Music listening while you learn: No influence of background music on verbal learning
© Jäncke and Sandmann; licensee BioMed Central Ltd. 2010
Received: 13 July 2009
Accepted: 7 January 2010
Published: 7 January 2010
The Erratum to this article has been published in Behavioral and Brain Functions 2010 6:11
Whether listening to background music enhances verbal learning performance is still disputed. In this study we investigated the influence of listening to background music on verbal learning performance and the associated brain activations.
Musical excerpts were composed for this study to ensure that they were unknown to the subjects and designed to vary in tempo (fast vs. slow) and consonance (in-tune vs. out-of-tune). Noise was used as control stimulus. 75 subjects were randomly assigned to one of five groups and learned the presented verbal material (non-words with and without semantic connotation) with and without background music. Each group was exposed to one of five different background stimuli (in-tune fast, in-tune slow, out-of-tune fast, out-of-tune slow, and noise). As dependent variable, the number of learned words was used. In addition, event-related desynchronization (ERD) and event-related synchronization (ERS) of the EEG alpha-band were calculated as a measure for cortical activation.
We did not find any substantial and consistent influence of background music on verbal learning. There was neither an enhancement nor a decrease in verbal learning performance during the background stimulation conditions. We found however a stronger event-related desynchronization around 800 - 1200 ms after word presentation for the group exposed to in-tune fast music while they learned the verbal material. There was also a stronger event-related synchronization for the group exposed to out-of-tune fast music around 1600 - 2000 ms after word presentation.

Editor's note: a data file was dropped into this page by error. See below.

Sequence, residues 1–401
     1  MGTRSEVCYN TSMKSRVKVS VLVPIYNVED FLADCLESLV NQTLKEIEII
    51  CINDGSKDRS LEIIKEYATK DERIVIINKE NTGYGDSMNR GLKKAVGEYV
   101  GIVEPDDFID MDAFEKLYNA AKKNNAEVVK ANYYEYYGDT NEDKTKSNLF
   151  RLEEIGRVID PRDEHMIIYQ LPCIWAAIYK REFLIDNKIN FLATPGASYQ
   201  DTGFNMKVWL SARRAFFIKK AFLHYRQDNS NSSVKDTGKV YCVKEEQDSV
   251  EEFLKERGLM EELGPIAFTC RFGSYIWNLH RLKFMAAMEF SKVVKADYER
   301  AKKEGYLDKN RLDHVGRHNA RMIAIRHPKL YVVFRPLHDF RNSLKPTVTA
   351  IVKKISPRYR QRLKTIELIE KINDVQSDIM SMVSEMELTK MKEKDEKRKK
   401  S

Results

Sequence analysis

Verbal learning during the exposure to different background music varying in tempo and consonance did not influence learning of verbal material. There was neither an enhancing nor a detrimental effect on verbal learning performance. The EEG data suggest that the different acoustic background conditions evoke different cortical activations. The reason for these different cortical activations is unclear. The most plausible reason is that when background music draws more attention verbal learning performance is kept constant by the recruitment of compensatory mechanisms.
Whether background music influences performance in various tasks is a long-standing issue that has not yet been adequately addressed. Most published studies have concentrated on typical occupational tasks like office work, labour at the conveyer belt, or while driving a car [1–13]. These studies mainly concluded that background music has detrimental influences on the main task (here occupational tasks). However, the influence of background music was modulated by task complexity (the more complex the task the stronger was the detrimental effect of background music) , personality traits (with extraverts being more prone to be influenced by background music) [2, 4–6], and mood . In fact, these studies mostly emphasise that mood enhancement by pleasant and alerting background music enhances performance of monotonous tasks such as those during night shifts.
Whether background music influences performance of academic and school-related skills has also been investigated. A broad range of skills have been considered, including the impact of background music on learning mathematics, reading texts, solving problems, perceiving visual or auditory information, learning verbal material (vocabulary or poems), or during decision making [2, 8, 15–40]. The findings of these studies are mixed, but most of them revealed that background music exerts a detrimental influence on the primary academic task.
We used musical pieces unknown to the subjects. For this, we composed new musical pieces, avoiding any resemblance to well-known and familiar tunes. In doing this, we circumvented the well-known effect that particular contents of episodic and semantic memory are associated with musical pieces [48–50]. Thus, hearing a familiar musical piece might activate the episodic and semantic memory and lead to preferential/biased processing of the learned or the to be learned verbal stimuli.
A further step in avoiding activation of a semantic or episodic network was to use meaningless words. In combination with using unfamiliar musical pieces, this strategy ensures that established (or easy to establish) associations between musical pieces and particular words are not activated.
The musical pieces were designed in order to evoke pleasantness and activation to different degrees. Based on the mood-activation hypothesis proposed by Glenn Schellenberg and colleagues, we anticipated that music that evokes more pleasant affect might influence verbal learning more positively than music that evokes negative emotions [51–53].